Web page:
Griffith CPSA Wins Campaign for Mid-Week Train Service

News article published 1 February 2019

Griffith CPSA Wins Campaign for Mid-Week Train Service

FOR years, Griffith CPSA Branch had been campaigning relentlessly for the midweek Sydney to Griffith train service to be re-instated.

The Sydney-Griffith-Sydney twice-a-week service was cancelled altogether under the Greiner Government in the late 1980s and replaced with a coach service, which is unsuitable for a lot of people, particularly older people and those with a physical disability.

A weekend train service was reinstated by the Carr Government following community campaigning, but the midweek service was not. This meant that a trip to Sydney always meant a stay of at least a week.

Reinstatement of the midweek service to a destination that requires an arduous road trip or an expensive airline ticket in the absence of an adequate train service makes sense for everyone, locals, their family living elsewhere and tourists.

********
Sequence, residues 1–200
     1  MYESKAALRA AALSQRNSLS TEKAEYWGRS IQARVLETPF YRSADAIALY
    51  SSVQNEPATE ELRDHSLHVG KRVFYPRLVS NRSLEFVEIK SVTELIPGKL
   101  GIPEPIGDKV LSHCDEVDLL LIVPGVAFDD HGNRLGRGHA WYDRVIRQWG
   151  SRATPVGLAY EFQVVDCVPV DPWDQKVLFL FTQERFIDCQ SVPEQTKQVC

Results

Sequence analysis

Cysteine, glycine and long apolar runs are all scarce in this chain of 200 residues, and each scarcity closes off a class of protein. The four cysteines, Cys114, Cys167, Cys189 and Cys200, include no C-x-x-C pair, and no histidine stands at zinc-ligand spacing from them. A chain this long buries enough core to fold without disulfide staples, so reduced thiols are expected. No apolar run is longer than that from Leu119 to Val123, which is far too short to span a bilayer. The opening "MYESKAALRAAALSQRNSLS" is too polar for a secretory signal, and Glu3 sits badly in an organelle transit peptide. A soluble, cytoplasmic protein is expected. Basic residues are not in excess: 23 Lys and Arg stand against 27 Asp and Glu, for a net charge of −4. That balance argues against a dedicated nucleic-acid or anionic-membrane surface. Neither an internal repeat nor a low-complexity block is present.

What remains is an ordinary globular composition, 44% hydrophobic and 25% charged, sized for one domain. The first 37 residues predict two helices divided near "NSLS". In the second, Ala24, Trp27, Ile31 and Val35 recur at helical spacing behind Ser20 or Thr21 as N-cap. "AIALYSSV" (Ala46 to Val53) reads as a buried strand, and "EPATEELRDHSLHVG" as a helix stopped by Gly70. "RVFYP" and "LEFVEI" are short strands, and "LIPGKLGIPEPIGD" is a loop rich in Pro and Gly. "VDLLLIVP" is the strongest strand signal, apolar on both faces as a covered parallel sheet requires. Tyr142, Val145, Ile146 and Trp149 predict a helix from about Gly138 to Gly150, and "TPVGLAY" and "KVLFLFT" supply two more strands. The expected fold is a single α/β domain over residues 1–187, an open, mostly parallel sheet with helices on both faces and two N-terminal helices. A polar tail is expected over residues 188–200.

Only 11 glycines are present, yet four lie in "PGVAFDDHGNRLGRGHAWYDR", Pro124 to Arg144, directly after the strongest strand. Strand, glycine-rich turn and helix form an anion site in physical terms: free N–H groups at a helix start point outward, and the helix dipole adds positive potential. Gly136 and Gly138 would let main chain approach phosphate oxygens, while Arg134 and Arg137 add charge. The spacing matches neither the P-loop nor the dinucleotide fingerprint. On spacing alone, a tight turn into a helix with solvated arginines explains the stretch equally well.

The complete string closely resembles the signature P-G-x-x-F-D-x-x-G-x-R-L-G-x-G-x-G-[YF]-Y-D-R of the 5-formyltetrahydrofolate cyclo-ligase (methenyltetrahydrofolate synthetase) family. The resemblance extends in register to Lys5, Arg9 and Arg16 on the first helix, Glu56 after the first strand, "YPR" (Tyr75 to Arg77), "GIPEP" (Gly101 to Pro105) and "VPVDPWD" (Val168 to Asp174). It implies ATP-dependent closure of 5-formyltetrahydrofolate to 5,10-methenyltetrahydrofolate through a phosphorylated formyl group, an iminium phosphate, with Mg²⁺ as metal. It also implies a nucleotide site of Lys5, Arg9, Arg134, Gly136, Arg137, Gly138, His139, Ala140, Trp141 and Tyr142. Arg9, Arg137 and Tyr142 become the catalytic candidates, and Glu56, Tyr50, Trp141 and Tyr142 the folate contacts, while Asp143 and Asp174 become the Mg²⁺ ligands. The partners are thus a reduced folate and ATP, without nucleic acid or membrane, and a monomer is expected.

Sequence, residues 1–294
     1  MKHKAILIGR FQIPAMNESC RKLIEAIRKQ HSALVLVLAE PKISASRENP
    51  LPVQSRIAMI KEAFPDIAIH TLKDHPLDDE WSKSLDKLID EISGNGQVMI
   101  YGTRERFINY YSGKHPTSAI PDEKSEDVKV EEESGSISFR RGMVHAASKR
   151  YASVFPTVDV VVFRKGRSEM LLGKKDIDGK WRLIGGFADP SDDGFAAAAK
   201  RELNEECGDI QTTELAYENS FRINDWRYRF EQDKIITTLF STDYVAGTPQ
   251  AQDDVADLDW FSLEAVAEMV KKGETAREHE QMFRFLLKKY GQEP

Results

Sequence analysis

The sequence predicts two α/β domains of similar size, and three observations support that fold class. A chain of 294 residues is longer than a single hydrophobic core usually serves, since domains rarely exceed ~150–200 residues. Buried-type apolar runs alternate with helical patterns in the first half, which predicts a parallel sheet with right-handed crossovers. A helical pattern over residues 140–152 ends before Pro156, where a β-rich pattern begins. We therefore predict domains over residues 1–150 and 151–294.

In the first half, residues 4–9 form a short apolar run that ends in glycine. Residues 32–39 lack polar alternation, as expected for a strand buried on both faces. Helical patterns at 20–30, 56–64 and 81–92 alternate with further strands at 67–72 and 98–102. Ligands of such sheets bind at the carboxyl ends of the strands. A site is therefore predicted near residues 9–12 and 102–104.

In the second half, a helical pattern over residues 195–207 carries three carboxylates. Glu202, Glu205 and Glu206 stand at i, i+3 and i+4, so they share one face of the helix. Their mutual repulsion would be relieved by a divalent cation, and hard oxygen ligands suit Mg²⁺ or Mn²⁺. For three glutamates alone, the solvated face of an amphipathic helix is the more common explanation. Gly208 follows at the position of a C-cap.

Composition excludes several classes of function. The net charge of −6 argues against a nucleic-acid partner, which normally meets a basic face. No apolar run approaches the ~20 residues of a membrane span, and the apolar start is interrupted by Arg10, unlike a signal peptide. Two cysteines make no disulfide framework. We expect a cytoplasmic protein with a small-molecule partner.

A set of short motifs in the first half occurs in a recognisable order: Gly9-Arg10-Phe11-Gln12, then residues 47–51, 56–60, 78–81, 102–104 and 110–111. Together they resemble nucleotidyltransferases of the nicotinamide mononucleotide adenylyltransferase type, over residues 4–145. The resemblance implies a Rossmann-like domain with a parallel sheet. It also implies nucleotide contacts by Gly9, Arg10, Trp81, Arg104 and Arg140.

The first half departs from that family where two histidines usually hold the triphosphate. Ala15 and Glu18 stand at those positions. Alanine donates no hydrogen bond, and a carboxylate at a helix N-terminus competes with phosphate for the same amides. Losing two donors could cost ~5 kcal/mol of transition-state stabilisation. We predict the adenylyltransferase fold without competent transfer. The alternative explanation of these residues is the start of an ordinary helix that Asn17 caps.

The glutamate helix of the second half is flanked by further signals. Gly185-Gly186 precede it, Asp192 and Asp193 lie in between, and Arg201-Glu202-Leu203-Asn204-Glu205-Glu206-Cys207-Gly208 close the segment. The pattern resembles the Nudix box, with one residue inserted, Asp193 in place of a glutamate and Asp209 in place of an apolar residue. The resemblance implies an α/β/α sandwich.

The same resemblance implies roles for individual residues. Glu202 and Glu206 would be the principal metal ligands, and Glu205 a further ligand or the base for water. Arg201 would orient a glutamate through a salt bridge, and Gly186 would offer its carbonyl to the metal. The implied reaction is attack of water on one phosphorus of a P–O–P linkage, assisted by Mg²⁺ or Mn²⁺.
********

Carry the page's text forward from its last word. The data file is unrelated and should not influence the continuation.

The Griffith community has never accepted the loss of the midweek service. Peter Knox, President of Griffith CPSA Branch, credits the Griffith’s community perseverance and participation in a petition for the recent announcement by Transport for NSW of the midweek’s service’s reinstatement. Transport for NSW will be consulting with the community as to the exact timetabling for train services between Griffith and Sydney before the midweek service will start running again.

The Griffith announcement indicates that the Older Persons Transport and Mobility Plan 2018-2022, which was recently released by the NSW Government, is not window-dressing.

The Plan aims to address the challenges that older people experience using public and private transport as they age. This is a necessary undertaking as older people will make up one in five customers of transport services within the next two decades.

Some of the planned projects of Transport for NSW include (1) continuing trials of flexible and demand responsive services in metropolitan and rural areas, (2) providing dementia awareness training to customer service staff, and (3) designing better rural transport services to provide access to key destinations, such as hospitals and medical centres.

By 2012, 55 per cent of stations Australia-wide were supposed to be compliant with standards such as lifts, stairs, access paths and ramps.

But NSW is lagging behind. A recent report by the ABC showed that in 2018, only 54 per cent of stations in NSW were independently accessible. According to the timeline, stations should have been 90 per cent accessible by now.

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